Of all the things that I think most define America is the white hat cowboy. Europeans don’t have cowboys. To the extent Europe had a wild west, it was tamed so long ago it isn’t in anyone’s memory. In movies – and in real life, one supposes – “cowboy” is a term of derision from the mouth of the “evil foreigner.” But we Americans… we love our cowboys. We’re proud of them. A man, on a horse, hat shading his face, coming into town and saving the day. The sound of that horse getting closer and closer to save the day: Klopp, Klopp, Klopp…
Has Jurgen Klopp saved Liverpool? Has a German ridden a horse to Anfield and saved the day?
One game does not a manager make. The savior of the Kop came and got a respectable result, grabbing a point while away at Spurs. Mind, the last game of Brendan Rodgers tenure saw him get a point in an away match Derby. That said, it’s always as fun as it is pointless to mindlessly speculate about the future based on 90 minutes of the present.
The first 25 minutes was enthralling. Without access to basically the best players on the squad – though at this point no one should ever be surprised if Sturridge is a scratch – Liverpool looked like a world-class team. Spurs are no joke, easily a team that can compete for a top 4 slot in any given year, and yet LFC were running circles around them. Klopp is known for teams that have a high pressure, face paced tempo, and that was certainly on display early. I could barely believe what I was seeing, to be honest. This wasn’t the same team that Rodgers had consistently tinkered with, probably confusing the players every game as to exactly what their duties were. Can and Milner in the midfield in particular were game changers. They pressed, they passed, they broke up any counterattacking – it was fun.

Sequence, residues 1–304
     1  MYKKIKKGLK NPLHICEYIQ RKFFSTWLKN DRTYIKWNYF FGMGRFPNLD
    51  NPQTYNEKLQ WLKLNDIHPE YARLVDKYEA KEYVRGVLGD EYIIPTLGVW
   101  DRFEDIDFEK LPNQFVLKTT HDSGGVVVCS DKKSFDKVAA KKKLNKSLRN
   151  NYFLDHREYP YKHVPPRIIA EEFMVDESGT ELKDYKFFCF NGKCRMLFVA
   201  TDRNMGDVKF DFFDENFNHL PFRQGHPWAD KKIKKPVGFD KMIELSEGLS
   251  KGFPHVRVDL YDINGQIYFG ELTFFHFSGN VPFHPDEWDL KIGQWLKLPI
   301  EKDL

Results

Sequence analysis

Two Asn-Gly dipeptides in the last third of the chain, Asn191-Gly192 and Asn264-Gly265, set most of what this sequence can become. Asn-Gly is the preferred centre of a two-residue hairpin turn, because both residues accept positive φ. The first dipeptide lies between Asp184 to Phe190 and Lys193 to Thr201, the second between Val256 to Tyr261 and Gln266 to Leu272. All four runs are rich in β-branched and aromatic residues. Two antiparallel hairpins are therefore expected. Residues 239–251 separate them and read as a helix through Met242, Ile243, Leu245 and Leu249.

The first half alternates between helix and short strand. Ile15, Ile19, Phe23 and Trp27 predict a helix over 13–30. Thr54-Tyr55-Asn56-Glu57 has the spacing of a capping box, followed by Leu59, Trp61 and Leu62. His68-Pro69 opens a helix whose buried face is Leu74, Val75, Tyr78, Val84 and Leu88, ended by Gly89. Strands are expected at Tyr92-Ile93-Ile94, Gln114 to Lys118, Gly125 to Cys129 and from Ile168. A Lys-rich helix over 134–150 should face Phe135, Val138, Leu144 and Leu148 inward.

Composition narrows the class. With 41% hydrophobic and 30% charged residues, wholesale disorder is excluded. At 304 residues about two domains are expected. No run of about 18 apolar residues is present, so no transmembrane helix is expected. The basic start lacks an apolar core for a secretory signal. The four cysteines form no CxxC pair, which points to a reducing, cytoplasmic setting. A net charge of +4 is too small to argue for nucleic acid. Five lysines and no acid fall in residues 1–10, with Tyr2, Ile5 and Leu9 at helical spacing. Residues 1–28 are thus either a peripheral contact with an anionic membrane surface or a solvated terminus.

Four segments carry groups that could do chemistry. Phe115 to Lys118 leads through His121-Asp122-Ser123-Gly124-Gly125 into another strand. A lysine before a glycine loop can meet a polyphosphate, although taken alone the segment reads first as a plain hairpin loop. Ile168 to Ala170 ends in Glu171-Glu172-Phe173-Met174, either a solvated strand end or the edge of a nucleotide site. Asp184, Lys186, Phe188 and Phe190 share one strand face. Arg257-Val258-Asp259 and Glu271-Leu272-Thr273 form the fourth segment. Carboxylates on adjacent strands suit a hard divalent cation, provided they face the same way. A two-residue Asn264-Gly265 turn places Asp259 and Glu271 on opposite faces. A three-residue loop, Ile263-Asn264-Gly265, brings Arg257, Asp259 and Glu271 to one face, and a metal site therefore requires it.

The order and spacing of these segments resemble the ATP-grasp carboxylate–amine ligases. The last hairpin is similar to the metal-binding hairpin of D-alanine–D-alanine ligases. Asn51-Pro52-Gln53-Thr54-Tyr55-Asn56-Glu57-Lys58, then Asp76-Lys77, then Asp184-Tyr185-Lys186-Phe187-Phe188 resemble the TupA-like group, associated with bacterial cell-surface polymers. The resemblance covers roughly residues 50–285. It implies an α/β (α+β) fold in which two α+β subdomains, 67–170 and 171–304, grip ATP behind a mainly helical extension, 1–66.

It wasn’t just that the team attacked – any side can basically do that if they’re willing to accept that they’ll be vulnerable going the other way – it was the pure energy put out. When a Spur touched the ball, he was instantly hounded by two or three red shirts. Again: it looked like Spurs were baffled by what was happening and that by the half it would be 3-0. But it wasn’t because …
The Not So Good
The team still lacked any ability to finish. Origi did well to hustle like crazy, making great runs down the side. Coutinho showed little glimpses of world-class footwork. But for all the fury that was on display, the Reds couldn’t get much off. Save for one corner that resulted in the ball bouncing dead on the keeper’s line, the team didn’t actually threaten with a quality shot. What shots they did get off were usually soft – at best.
This isn’t a surprise. With Sturridge out, Benteke out, and the unfortunate season ending injury to Ings (who’d seemingly formed a wonderful partnership up front with Sturridge), the team was without their best scorers.
The Hidden Bad